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'Mad Men' final season premiere review: Don Draper still in a dark place
What it's about: As per custom, "Mad Men" creator Matthew Weiner asked that no plot details of the seventh and final season opener are offered here, so, instead, some broad strokes.
The end of last season fell around Thanksgiving, 1968, and Don (Jon Hamm) was essentially fired from his own agency after suffering a breakdown in a client meeting with Hershey.
However, he had already told Megan (Jessica Pare) that they were going to Los Angeles, for him to run the Sunkist account. She's not happy with his news, given that career opportunities beckon for her.
Ted Chaough (Kevin Rahm) wanted to flee to LA to escape his office romance with Peggy Olson (Elisabeth Moss).
Pete Campbell (Vincent Kartheiser) is in a different place - at least emotionally - after his mother disappeared during a luxury cruise, or "lost at sea," in his words. Joan Harris's (Christina Hendricks) role at Sterling Draper Cooper Pryce appears enhanced, so does Ken Cosgrove's (Aaron Staton.)
Roger Sterling (John Slattery) had won a major client, Chevy, but appeared to have lost his daughter, Margaret (Elizabeth Rice) after he refuses to help her husband in a business venture.
Meanwhile, the snide new guy steps into the breach created by the absence of Ted and Don: Lou Avery (played by veteran standup, Allan Havey.)
My say: "Mad Men" is largely the journey of Don Draper's soul, and lately, this particular trip has been a rocky one.
Don was in a dark place at the end of the sixth season. Hopefully this won't come as a complete abrogation of Weiner's non-spoiler demands: He still is.
But Jon Hamm's Draper is such a singularly great character that this never seems to drag him down to a place you don't care to visit. He continues to grope his way forward, and even when total black has enveloped him emotionally, there's just the smallest ray of light that he reaches towards -- early this season, that's the smog-muted light of LA.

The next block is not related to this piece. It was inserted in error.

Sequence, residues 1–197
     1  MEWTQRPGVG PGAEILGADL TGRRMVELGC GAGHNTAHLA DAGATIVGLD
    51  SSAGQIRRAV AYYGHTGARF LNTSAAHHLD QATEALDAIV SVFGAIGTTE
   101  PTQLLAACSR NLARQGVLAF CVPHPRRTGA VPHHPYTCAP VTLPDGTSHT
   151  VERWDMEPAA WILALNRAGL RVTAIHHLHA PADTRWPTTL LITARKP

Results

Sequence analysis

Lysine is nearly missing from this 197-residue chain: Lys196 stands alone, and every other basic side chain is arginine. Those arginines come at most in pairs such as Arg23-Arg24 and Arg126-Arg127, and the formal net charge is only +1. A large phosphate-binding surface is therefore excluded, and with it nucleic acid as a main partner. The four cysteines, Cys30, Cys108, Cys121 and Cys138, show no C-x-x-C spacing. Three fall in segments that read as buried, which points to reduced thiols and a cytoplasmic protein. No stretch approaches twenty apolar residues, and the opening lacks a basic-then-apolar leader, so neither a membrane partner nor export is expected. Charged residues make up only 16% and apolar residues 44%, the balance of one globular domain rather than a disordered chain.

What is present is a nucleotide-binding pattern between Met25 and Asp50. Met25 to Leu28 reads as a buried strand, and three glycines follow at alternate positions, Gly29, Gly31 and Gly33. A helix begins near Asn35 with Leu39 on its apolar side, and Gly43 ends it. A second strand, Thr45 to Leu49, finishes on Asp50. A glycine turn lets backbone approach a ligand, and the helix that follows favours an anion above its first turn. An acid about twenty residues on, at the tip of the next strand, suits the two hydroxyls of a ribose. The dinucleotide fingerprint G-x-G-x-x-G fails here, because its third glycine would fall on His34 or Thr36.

This still very much feels like a journey worth taking if only because, in the process, Hamm deftly continues to locate some heroic facet in TV's reigning anti-hero.
Weiner doesn't want you to know anything going into Sunday's "Time Zones," but that's ridiculous. By all means, watch last season's finale, "In Care of," just to fix your bearings. Know too that many of "Men's" favorite themes remain in play Sunday, with additional flourishes.
Shangri-La (James Hilton's and Frank Capra's) is touched upon. So is Disneyland. Both are utopias of very different sorts, animated by different impulses (one spiritual, the other commercial...)
Time is crucial here too. The passing of time... the inability to control time... and especially the remorselessness of time. Even Don (who knows this best of all) can't avoid its ravages for much longer.
Travel is another big theme, but traveling to where, and does anybody even know why they're going there? Just fourteen episodes remaining to this classic series: We'll be getting some answers soon enough.
Bottom line: All's well in the world of "Mad Men" -- but watch last season's finale to get in the groove.
Tags: Mad Men , Jessica Pare , Don Draper , Jon Hamm , Roger Sterling , John Slattery , Elisbeth Moss , Christina Hendricks , Aaron Staton , Allan Havey , Matthew Weiner , AMC , seventh season , Mad Men seventh season , Time Zones , review